Software defined storage hits the bargain rack
Some small and medium-sized businesses need fast, and flexible storage gear as much as large enterprises. The need to quickly spin up new applications, even without a storage specialist on staff, can drive those demands. The gear for doing so is gradually getting more affordable.
Hewlett-Packard Enterprise (HPE) has extended two of its storage product lines into more affordable territory, in one case adopting an ARM processor to help cut the cost of a system.
HPE says the new systems give smaller organisations a way in on two of the hottest trends in enterprise storage: software defined storage and Flash. The former helps to line up the right storage for each application, even as a company’s demands quickly change, while the latter can give a speed boost to any type of storage arrangement.
To put storage under software control, HPE launched its StoreVirtual arrays in 2014. There are now in about 200,000 deployments worldwide, the company says. StoreVirtual systems can provide shared storage capacity alongside HPE ProLiant servers and hyperconverged appliances, using the company’s Synergy software.
Up to now, typical StoreVirtual systems have been multi-terabyte systems costing tens of thousands of dollars. HPE has introduced the StoreVirtual 3200 Storage, with capacities starting at 1.2Tb and a street price starting at $6,055 (€5,388).
HPE says the 3200 is a way for smaller organisations to get a foot in the door with software-defined storage, consolidate workloads and gradually migrate to the new type of infrastructure over time. Beyond that base price and configuration, the new system stays cheaper even in a more typical arrangement like a two-node system with 14Tb of capacity, HPE says. That system would be less than half the cost of the current StoreVirtual 4000 model with a similar configuration, the company says.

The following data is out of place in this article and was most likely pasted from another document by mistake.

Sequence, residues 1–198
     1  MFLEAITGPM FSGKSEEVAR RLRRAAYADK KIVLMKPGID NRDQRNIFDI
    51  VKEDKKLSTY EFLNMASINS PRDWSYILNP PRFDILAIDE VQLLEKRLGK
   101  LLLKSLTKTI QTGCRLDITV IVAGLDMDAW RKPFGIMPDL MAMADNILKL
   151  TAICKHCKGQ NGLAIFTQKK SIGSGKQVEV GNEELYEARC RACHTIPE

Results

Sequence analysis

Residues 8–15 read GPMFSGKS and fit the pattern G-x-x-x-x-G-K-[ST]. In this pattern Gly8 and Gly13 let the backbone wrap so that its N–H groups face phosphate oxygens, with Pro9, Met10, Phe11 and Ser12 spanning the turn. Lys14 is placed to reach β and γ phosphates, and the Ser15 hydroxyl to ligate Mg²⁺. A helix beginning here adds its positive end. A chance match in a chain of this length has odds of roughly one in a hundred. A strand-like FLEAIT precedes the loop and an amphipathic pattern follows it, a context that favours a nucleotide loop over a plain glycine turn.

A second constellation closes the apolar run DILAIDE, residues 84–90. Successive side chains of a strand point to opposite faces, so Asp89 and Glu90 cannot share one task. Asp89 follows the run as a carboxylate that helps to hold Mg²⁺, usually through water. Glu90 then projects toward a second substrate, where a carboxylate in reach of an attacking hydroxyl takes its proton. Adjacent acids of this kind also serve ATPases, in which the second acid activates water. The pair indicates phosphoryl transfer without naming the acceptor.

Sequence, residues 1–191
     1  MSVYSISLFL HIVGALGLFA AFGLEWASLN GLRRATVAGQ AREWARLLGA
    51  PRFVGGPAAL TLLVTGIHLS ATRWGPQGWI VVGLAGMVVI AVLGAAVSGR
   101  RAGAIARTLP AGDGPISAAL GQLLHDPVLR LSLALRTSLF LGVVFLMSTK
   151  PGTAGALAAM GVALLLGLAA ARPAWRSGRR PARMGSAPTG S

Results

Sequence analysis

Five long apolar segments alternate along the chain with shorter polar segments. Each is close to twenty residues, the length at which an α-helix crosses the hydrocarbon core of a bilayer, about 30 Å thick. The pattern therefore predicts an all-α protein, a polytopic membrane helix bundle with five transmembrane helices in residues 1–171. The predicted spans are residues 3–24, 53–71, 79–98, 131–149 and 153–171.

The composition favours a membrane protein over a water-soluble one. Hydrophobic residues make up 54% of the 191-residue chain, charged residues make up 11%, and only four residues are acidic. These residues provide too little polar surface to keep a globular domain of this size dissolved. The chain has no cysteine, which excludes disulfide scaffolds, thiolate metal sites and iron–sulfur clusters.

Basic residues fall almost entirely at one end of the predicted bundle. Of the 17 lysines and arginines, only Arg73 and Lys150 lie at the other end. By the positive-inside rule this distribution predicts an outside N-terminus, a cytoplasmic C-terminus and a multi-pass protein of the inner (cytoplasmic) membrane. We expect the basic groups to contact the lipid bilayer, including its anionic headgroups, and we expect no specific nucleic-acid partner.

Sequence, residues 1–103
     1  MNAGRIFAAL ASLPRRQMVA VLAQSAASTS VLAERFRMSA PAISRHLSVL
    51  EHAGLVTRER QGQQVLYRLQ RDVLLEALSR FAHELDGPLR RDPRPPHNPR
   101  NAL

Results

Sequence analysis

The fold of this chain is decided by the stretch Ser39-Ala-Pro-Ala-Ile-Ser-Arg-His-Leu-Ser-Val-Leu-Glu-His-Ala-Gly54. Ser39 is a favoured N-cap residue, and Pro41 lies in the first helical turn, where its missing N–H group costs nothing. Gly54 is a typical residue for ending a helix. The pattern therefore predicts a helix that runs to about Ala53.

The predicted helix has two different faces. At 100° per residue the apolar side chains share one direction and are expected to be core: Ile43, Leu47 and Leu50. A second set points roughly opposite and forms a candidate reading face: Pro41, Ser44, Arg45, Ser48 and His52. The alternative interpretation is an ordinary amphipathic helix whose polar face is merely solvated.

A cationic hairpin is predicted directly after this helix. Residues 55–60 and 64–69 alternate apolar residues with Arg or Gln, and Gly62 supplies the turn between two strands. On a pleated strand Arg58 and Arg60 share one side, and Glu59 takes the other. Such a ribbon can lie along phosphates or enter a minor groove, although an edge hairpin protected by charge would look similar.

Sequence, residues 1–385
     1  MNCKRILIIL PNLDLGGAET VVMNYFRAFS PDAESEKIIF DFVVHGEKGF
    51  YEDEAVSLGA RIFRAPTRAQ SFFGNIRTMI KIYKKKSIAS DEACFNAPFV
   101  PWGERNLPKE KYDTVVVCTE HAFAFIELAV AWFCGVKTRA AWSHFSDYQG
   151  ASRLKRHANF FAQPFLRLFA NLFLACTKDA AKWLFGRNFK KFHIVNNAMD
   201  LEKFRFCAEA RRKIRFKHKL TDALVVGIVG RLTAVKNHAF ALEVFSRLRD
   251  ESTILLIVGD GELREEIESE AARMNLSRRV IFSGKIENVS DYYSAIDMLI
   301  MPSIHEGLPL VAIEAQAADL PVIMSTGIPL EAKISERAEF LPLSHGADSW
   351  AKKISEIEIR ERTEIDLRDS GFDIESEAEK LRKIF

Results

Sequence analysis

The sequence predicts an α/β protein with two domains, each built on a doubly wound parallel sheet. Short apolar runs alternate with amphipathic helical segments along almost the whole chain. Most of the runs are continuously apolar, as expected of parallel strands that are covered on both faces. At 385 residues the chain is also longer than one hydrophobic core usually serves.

Part of the reason is that the processor at the heart of the 3200 uses an ARM microarchitecture rather than the x86 technology used in most other enterprise data-centre gear. The ARM chip, which comes from AppliedMicro, delivered the computing power the company needed at a lower price than an x86 processor, said Brad Parks, HPE’s director of go-to-market strategy for storage. It might be the first of many used in HPE storage gear, though the company is only beginning to explore this approach, he said.
HPE also introduced the MSA 2042, a new member of its MSA line of arrays that includes 800Gb of solid state drive (SSD) capacity and Flash storage software as standard features. The Flash can be used as a read cache accelerator or as a read and write performance tier, with automatic tiering software included. That hardware and software has been optional on MSA systems, but at an additional cost of about $7,500 (€6,676), Parks said. In the 2042, which is priced starting at $9,877 (€8,792), they are included at no extra cost.
Both the StoreVirtual 3200 and the MSA 2042 are available immediately worldwide.